I have been having these episodes of dizziness and such that is related to my blood sugar, and I’m tired.  I’m lifting my eyes to the mountains, and pushing onward.  Whatever manifests in our body has its beginnings in our inner work.  I believe that thoroughly.  Healing is a time of inner work as much as it is getting well physically.

I posted a comment on Mama-Om and she was gracious enough to share with me some of her experiences with being a parent and not feeling well.  I wanted to share them here.  Sometimes I think us mothers tend to hide our pitfalls, and things that aren’t just so.  There’s nothing to hide.  Mothers are people afterall, and we all have work to do in this life. 

Mama-Om:

Thankful Anyway and Unraveled

“You must speak straight so that your words may go as sunlight into our hearts.”

– Cochise (“Like Ironweed”) Chiricahua Chief

I’m going to try to speak straight here and everywhere.  We can manipulate language in so many gratifying and harmful ways when we are fluent in it.  We can make the truth read/sound a thousand different ways.  Sunlight too, comes to us in unique and varying ways.  It can be just enough to warm us on a day between fall and winter.  It can beat down on us relentlessly with its burden of heat and sweat.  When words touch our hearts they feed us – our state of being.  They allow us to form opinions, to react emotionally, to prepare for great triumphs or damaging winds.  To render ourselves steadfast.  Cochise just asked that we talk straight.  We talk straight so that our words feed our hearts like sunlight.  So that there is fairness all around.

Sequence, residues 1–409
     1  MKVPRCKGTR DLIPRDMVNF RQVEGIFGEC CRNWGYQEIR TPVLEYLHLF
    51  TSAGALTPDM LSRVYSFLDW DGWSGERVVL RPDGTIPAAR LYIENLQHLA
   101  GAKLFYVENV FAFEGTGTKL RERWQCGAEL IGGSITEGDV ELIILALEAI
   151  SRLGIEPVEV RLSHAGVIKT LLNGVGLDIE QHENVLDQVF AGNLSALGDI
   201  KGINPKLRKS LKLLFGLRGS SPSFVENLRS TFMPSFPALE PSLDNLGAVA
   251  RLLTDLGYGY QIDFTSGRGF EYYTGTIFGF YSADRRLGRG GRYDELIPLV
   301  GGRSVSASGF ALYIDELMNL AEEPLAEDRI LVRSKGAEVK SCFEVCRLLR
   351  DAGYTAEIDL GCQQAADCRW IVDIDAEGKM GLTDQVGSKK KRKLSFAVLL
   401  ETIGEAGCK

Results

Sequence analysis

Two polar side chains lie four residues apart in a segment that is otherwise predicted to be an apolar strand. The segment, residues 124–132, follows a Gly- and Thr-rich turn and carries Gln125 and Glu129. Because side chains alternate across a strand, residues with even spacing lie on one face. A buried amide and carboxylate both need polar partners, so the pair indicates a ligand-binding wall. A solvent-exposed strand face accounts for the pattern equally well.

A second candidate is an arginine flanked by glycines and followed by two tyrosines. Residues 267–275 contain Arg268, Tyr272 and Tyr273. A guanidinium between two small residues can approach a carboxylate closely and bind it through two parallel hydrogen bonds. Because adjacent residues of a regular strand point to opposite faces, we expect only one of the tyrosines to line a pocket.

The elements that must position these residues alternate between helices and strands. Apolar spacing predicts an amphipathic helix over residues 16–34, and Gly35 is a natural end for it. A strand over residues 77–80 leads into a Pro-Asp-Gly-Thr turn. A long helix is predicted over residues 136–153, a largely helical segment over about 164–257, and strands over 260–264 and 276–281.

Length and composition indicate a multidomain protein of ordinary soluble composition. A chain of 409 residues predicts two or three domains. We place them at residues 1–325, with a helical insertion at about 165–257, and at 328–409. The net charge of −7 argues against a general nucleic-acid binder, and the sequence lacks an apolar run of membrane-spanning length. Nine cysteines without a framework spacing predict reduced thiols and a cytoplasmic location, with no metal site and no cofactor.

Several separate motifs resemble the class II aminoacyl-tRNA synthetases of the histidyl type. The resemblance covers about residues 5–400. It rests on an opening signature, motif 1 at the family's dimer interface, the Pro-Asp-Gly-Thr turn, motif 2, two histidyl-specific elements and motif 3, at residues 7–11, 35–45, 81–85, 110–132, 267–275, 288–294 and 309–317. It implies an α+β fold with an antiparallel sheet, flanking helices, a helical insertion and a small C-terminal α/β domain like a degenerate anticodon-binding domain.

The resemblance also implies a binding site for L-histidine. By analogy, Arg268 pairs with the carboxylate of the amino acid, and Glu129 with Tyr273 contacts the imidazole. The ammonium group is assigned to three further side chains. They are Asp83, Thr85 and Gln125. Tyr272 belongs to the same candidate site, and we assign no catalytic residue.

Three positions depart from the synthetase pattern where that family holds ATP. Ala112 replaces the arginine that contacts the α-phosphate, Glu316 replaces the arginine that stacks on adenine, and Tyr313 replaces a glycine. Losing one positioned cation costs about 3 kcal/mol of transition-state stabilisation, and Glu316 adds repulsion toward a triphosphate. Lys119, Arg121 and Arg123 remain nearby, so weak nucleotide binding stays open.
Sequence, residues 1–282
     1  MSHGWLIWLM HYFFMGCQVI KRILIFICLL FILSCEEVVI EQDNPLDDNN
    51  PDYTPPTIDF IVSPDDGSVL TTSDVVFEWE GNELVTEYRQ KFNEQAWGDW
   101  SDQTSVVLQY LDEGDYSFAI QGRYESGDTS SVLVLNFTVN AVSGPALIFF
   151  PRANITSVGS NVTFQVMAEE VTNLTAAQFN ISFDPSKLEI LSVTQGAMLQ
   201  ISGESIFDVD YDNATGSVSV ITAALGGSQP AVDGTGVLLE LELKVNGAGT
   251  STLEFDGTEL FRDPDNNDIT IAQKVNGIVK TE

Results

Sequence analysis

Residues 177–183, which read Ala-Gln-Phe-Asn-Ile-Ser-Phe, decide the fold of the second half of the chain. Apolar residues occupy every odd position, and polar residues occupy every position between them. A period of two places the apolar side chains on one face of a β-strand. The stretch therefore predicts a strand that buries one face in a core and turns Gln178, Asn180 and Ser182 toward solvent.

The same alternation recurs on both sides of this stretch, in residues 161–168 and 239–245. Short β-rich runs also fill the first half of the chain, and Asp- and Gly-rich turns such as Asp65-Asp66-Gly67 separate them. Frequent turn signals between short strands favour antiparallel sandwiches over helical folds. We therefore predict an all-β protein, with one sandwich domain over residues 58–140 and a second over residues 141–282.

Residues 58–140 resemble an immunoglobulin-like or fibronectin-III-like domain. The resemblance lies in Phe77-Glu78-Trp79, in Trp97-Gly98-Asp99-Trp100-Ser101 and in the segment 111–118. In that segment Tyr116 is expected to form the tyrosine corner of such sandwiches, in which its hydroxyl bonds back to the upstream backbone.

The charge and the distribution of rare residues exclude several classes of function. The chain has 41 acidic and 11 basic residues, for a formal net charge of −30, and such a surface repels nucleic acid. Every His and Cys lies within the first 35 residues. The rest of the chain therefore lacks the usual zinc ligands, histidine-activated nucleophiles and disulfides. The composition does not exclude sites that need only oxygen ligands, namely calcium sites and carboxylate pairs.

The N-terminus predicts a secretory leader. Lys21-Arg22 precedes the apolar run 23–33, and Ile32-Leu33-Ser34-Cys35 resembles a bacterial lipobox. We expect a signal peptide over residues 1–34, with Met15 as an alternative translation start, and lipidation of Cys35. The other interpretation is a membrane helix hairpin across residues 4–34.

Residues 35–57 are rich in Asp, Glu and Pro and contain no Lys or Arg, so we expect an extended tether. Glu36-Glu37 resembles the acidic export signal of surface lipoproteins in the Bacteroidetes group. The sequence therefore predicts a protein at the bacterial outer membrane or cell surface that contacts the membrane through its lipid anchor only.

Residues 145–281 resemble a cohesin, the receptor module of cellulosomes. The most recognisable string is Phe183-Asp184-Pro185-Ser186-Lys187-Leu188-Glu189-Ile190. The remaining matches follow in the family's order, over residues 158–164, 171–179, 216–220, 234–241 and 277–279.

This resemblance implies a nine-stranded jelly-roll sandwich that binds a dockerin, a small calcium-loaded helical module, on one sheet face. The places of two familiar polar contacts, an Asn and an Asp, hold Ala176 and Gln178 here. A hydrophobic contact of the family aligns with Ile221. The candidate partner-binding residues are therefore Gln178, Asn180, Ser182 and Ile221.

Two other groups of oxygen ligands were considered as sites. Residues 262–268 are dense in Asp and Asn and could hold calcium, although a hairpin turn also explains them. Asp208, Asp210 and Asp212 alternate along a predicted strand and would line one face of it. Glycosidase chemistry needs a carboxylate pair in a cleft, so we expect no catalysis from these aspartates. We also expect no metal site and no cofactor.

Summer has become that overbearing master once again.  Restricting us indoors.  The garden is out of control, though still producing well.  Peace from the summer sun is hard to find, and you become a worshipper of conveniences like air conditioning.  Deladis absolutely hates the summer sun, and though she wants to play outdoors, she cannot.  Her skin is really sensitive because of the eczema and she sweats which makes her itch.  Her face turns apple red, and then she starts to feel poorly.  Ivy is restless from being cooped up like the hen and diddles.  She takes an evening run through the living room and into the kitchen, slamming against the door and back again, like clockwork, everyday sometime after dinner.  We only have a wall unit a/c and a fan, and we don’t turn it on until about noon everyday, and turn it off again at night.  Our cabin is not extremely cool.  We try our best to acclimate for summer and winter.  We tend to freeze or burn up when we visit our family.  But, right now, indoors is the safer place for us.  This is the first summer since living at The Confluence that it has been this way.  Though I remember many summers like this.